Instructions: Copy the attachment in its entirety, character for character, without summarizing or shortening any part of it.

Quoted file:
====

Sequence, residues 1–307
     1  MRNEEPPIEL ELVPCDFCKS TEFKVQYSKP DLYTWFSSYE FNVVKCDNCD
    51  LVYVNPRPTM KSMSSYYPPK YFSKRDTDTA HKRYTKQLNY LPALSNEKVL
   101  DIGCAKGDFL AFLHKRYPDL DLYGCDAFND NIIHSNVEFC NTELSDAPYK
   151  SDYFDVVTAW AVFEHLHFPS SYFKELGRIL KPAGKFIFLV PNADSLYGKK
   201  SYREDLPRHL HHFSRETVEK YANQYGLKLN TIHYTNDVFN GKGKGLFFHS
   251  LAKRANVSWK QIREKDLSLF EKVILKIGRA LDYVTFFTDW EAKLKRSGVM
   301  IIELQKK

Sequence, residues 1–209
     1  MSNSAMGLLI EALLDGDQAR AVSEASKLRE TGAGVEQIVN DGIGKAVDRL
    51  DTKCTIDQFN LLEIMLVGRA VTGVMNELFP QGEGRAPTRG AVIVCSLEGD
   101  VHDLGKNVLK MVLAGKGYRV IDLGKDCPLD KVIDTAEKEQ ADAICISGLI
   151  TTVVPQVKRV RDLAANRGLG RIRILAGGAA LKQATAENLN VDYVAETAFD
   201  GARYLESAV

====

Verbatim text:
Sequence, residues 1–307
     1  MRNEEPPIEL ELVPCDFCKS TEFKVQYSKP DLYTWFSSYE FNVVKCDNCD
    51  LVYVNPRPTM KSMSSYYPPK YFSKRDTDTA HKRYTKQLNY LPALSNEKVL
   101  DIGCAKGDFL AFLHKRYPDL DLYGCDAFND NIIHSNVEFC NTELSDAPYK
   151  SDYFDVVTAW AVFEHLHFPS SYFKELGRIL KPAGKFIFLV PNADSLYGKK
   201  SYREDLPRHL HHFSRETVEK YANQYGLKLN TIHYTNDVFN GKGKGLFFHS
   251  LAKRANVSWK QIREKDLSLF EKVILKIGRA LDYVTFFTDW EAKLKRSGVM
   301  IIELQKK

Sequence, residues 1–209
     1  MSNSAMGLLI EALLDGDQAR AVSEASKLRE TGAGVEQIVN DGIGKAVDRL
    51  DTKCTIDQFN LLEIMLVGRA VTGVMNELFP QGEGRAPTRG AVIVCSLEGD
   101  VHDLGKNVLK MVLAGKGYRV IDLGKDCPLD KVIDTAEKEQ ADAICISGLI
   151  TTVVPQVKRV RDLAANRGLG RIRILAGGAA LKQATAENLN VDYVAETAFD
   201  GARYLESAV